a forcible overcurrent protecting unit for actuating said control mechanism to latch said control lever such that said control lever is not controlled by said electromagnetic driving unit when said excessive current flows through said electrical contacts.

BRIEF DESCRIPTION OF THE DRAWINGS

Features and other objects of the invention will be more apparent form the description of preferred embodiments with reference to the drawings in which;

FIG. 1 is a cross-section side view of a remotely operated circuit breaker when a handle is positioned at a "handle off" position;

FIG. 2 is a front view of FIG. 1 with a front cover being partly broken;

FIG. 3 is a rear view of FIG. 1 with a rear cover being partly cut away;

FIG. 4 is an illustrative diagram for showing the remotely operated circuit breaker in FIG. 1 when the handle is positioned at a "handle auto" position;

FIG. 5 is an illustrative diagram for showing the remotely operated circuit breaker in FIG. 1 when the handle being positioned at "handle auto" position;

FIG. 6 is a diagram for showing the remotely operated circuit breaker in FIG. 1 when it is in a trip condition;

FIG. 7 is an exploded perspective view of an electromagnetic driving unit;

FIG. 8 is a prior art wiring flow diagram for operating a three-phase induction motor; and

FIG. 9 shows prior art circuit breakers and electromagnetic contactors connected in series.

DESCRIPTION OF THE PREFERRED EMBODIMENTS Operation Modes

The operation of a remotely operated circuit breaker according to the invention will now be with reference to FIGS. 1-6. The modes of operation of the circuit breaker of the invention includes the normal remote on/off operation mode, the overcurrent protection mode and the short-circuit protection mode.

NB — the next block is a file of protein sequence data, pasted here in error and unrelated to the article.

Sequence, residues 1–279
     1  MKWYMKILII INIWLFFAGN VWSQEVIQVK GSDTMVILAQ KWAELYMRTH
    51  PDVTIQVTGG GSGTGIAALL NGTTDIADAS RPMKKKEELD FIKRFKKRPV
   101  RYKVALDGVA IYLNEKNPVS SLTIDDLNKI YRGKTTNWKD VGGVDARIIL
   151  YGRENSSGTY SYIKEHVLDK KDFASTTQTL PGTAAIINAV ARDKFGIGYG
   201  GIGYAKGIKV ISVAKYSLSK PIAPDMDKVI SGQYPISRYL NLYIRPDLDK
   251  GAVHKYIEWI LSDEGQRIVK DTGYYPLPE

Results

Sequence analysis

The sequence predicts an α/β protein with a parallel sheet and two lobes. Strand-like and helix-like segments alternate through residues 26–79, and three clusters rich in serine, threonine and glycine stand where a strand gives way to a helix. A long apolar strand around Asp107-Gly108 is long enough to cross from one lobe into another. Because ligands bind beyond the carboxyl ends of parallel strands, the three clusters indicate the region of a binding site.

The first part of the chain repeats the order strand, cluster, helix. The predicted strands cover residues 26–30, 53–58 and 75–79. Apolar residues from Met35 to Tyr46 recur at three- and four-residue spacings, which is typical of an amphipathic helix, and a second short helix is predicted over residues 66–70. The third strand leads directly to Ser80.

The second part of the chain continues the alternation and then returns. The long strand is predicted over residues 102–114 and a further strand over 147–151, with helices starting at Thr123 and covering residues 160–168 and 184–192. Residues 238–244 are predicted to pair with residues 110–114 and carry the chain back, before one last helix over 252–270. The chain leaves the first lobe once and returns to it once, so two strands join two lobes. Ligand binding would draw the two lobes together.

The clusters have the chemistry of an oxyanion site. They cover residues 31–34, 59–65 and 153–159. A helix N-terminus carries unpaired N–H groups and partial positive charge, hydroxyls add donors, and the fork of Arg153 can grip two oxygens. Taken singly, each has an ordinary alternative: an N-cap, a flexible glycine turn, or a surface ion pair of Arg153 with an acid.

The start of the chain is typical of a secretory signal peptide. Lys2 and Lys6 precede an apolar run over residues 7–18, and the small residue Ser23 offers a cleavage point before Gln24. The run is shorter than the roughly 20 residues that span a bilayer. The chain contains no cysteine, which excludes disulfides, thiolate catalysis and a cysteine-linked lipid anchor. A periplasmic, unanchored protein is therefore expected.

When a handle 50 is thrown to the right side from a "handle off" position shown in FIGS. 1-3 so that it is positioned at a "handle auto" position, a link 54 is in a substantially vertical position to push down a depressing plate 61 against the tensile force of a tension spring 62, releasing a control lever 63 which in turn is rotated clockwise by a compression spring 15 via a crossbar 14 through a small gap between a transmission lever 34 till it is stopped by a transmission lever 34 of an electromagnetic driving unit 200 urged by a pulling spring 36. The spring force of the pulling spring 36 is selected to be greater than that of the compression spring 15. At this time, a movable member 10 moves upwardly by a distance equal to the gap between the other end 63b of the control lever 63 and the engaging portion 34c of the transmission lever 34, allowing the distance between contacts 9, 11, 12, 16 to decrease somewhat as compared to that shown in FIGS. 1-3. The remotely operated circuit breaker is now ready for normal remote on/off operation.

Normal Remote Operation Mode

As shown in FIG. 4, with the handle 50 being at the "handle auto" position, a limit switch 45 detects the movement of the depressing plate 61 to become closed. When a remote control voltage is applied to terminals 42 from a remote external control means, a coil 26 is energized so that a fixed core 28 pulls a movable core 30 through attraction. Then the transmission lever 34 rotates counterclockwise against the spring force of the pulling spring 36 to release the control lever 63, which in turn causes the movable member 10 to move upwardly by virtue of the compression spring 15, closing the contacts 9, 11, 12, 16. Then electric power is supplied to a load connected to the circuit breaker.